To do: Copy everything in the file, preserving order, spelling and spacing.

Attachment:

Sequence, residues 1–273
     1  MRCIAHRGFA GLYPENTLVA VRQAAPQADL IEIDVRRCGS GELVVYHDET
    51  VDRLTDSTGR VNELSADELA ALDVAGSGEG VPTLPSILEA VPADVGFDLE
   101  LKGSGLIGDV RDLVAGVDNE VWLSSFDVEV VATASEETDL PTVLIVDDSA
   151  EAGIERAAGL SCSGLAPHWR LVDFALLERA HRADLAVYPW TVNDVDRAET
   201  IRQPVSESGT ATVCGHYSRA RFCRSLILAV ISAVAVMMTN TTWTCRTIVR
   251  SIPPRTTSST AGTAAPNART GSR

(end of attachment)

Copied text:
Sequence, residues 1–273
     1  MRCIAHRGFA GLYPENTLVA VRQAAPQADL IEIDVRRCGS GELVVYHDET
    51  VDRLTDSTGR VNELSADELA ALDVAGSGEG VPTLPSILEA VPADVGFDLE
   101  LKGSGLIGDV RDLVAGVDNE VWLSSFDVEV VATASEETDL PTVLIVDDSA
   151  EAGIERAAGL SCSGLAPHWR LVDFALLERA HRADLAVYPW TVNDVDRAET
   201  IRQPVSESGT ATVCGHYSRA RFCRSLILAV ISAVAVMMTN TTWTCRTIVR
   251  SIPPRTTSST AGTAAPNART GSR